Prime Minister Tony Blair has admitted the Irqa war has been a disaster, in an interview on Arab TV channel al-Jazeera. Challenged that western intervention had 'so far been pretty much of a disaster', Blair said: 'It has.' But he blamed resistance by insurgents rather than failures of planning.

What he actually said was:

He added: "But you see what I say to people is 'Why is it difficult in Iraq?' It's not difficult because of some accident in planning, it's difficult because there's a deliberate strategy - al-Qaeda with Sunni insurgents on one hand, Iranian-backed elements with Shiite militias on the other - to create a situation in which the will of the majority for peace is displaced by the will of the minority for war."

I think the Sunday Star Times summary is awesome, because it points out how ridiculous Tony Blair's argument is: "There was nothing wrong with our planning, the problem was that there were some people in Iraq that didn't want to be invaded." Which is presumably something that they should have planned for.

But he's right about one thing (I promise this will be the only time I will claim Tony Blair was right) - the problem of Iraq isn't a problem of poor planning. No amount of planning would have solved the fundamental problem which is that they should have stayed the fuck out of Iraq.

Right now, when people are thinking about 'other options' it's important to say loud and long that the only solution is to end the occupation.

Isn't it good we have men to tell us what to do?

Sailorman (who occasionally comments on Alas) has an interesting new argument. He believes that the only way anyone should use the word 'rape' is to reflect the exact legal definition of where they live:

Anyone who frequents feminist blogs has seen similar claims, and more. Sometimes the claims are much more explicit: "drunk people cannot legally consent." "Any pressure means it's rape." "If you didn't want to have sex, it's rape."

In many states, those are all lies. And it's doing no favors to those women who hear them.

If only members of the women's liberation movement had had Sailorman's wisdom, imagine how much stronger we would have been there. Obviously the feminists who started discussing 'marital rape' weren't doing women any favours. Legally once , and feminists who implied otherwise were treating women like children and telling them what you think they "want to" or "should" hear " (to paraphrase the oh so wise Sailorman words).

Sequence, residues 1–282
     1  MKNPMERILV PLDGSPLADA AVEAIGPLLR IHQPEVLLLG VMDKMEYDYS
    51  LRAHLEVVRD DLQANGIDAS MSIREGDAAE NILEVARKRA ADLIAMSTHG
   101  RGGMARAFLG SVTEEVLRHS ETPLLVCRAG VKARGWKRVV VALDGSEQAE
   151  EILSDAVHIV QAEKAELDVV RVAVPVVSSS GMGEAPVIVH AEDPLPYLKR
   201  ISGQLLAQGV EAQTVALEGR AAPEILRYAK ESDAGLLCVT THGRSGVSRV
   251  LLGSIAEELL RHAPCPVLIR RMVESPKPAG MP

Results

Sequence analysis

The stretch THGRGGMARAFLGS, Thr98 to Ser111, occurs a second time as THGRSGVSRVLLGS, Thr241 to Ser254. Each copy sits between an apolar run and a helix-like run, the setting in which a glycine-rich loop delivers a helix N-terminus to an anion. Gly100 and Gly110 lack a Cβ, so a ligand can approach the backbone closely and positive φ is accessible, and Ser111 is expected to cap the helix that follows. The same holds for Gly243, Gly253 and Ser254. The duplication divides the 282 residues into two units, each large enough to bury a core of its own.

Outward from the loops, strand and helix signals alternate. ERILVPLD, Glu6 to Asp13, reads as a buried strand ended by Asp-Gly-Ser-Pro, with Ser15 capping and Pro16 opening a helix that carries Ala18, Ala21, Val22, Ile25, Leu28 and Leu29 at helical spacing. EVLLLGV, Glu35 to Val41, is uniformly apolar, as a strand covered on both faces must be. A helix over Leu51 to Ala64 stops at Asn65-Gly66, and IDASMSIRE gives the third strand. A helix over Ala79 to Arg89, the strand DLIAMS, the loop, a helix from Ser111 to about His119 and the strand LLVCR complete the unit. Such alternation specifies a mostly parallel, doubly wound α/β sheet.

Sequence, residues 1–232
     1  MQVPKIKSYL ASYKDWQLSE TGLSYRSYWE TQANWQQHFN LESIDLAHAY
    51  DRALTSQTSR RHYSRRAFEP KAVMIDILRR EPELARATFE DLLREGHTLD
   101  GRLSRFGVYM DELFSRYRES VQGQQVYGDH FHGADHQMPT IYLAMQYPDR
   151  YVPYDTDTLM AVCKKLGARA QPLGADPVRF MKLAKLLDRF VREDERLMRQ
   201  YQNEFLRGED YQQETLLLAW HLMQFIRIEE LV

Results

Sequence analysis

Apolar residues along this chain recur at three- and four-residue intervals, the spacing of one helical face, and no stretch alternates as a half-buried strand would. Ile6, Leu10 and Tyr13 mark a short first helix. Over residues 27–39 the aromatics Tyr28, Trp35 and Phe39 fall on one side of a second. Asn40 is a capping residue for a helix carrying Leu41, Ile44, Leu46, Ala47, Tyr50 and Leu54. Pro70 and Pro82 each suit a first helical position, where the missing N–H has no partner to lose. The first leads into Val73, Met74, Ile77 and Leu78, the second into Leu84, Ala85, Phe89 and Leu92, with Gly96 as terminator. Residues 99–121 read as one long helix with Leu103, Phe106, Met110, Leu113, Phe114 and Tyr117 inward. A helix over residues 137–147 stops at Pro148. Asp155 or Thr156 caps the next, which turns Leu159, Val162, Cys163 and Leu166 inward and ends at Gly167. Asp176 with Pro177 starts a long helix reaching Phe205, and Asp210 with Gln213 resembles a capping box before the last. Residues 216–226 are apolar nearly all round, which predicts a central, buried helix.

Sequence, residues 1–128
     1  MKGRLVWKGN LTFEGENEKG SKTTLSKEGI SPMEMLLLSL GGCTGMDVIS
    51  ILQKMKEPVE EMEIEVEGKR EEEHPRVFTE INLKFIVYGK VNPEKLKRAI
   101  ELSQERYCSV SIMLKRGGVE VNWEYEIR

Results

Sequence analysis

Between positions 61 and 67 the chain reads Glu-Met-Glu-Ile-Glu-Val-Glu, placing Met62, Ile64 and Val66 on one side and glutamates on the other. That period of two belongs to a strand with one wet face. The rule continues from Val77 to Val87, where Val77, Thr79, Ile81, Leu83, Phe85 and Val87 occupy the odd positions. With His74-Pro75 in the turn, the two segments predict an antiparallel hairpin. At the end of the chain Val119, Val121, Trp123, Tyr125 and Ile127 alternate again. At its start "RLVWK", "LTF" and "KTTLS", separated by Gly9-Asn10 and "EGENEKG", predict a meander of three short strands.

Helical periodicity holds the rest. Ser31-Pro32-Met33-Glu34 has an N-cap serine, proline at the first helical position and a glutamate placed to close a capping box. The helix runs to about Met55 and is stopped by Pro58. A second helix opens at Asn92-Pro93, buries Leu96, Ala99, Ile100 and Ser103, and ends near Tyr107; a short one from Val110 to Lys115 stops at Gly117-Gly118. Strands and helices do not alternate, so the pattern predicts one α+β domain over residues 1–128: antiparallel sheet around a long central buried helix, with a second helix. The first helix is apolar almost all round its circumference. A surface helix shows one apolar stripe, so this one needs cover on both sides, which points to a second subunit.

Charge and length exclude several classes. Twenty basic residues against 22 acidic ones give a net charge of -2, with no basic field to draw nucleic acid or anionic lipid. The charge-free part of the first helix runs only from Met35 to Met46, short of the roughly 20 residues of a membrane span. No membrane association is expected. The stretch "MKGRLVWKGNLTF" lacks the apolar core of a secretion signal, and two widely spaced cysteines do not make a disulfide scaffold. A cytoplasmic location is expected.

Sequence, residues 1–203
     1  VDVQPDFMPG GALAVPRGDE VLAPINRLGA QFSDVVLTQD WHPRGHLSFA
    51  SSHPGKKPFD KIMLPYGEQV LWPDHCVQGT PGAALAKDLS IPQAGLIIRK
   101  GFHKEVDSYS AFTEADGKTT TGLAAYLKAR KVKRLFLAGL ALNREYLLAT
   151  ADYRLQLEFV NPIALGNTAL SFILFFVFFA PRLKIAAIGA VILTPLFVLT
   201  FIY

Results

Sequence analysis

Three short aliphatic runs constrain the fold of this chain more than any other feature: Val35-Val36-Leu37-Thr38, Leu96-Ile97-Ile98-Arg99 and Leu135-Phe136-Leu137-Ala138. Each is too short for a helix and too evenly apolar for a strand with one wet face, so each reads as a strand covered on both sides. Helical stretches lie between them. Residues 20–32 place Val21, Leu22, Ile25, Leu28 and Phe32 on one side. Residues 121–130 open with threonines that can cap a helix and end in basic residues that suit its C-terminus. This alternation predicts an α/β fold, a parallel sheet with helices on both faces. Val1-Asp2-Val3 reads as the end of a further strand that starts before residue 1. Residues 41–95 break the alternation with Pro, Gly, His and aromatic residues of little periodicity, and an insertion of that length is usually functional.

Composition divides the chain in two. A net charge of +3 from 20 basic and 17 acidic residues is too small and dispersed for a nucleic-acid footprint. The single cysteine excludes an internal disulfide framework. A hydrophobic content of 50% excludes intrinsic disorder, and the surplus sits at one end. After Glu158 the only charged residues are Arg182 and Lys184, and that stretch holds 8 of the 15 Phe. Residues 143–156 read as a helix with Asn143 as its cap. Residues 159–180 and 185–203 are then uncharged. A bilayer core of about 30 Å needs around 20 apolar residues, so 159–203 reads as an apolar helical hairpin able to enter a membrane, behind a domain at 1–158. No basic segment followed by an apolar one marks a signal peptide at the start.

Because it is all our fault (sorry if you've heard that before):

If a woman knew, really knew, that a threat of trying to get you fired would not support a rape conviction, would she still give in to the threat? If she knew that scared silence gives much less support for a conviction than a shouted "no!" would she still remain silent?

I actually have no words to express my anger at the first example Sailorman comes up with. I sincerely doubt that a single person who has ever been raped by her boss has considered what the rape laws in her state when she decided how hard she could resist.

I believe that a woman is raped if she's drunk, if she withdraws her consent party way through sex, or if she wanted to have sex with someone else. The law doesn't agree with me. I've already written about why I define rape in the way I do:
I define rape in the way I do to support the women who are naming their experiences, and reiterate the idea they have the right to say no to sex.

I also define rape in the way I do as a protection against men who have sex with women who don't want to have sex with them. I believe that one of the few forms of protection women have against rape is gossip - passing on information that we know about men who hurt women.

Women need to know who the men are who don't notice, or don't care, that the women they're sleeping with don't want to have sex with them. Calling those acts rape is both protection and resistance.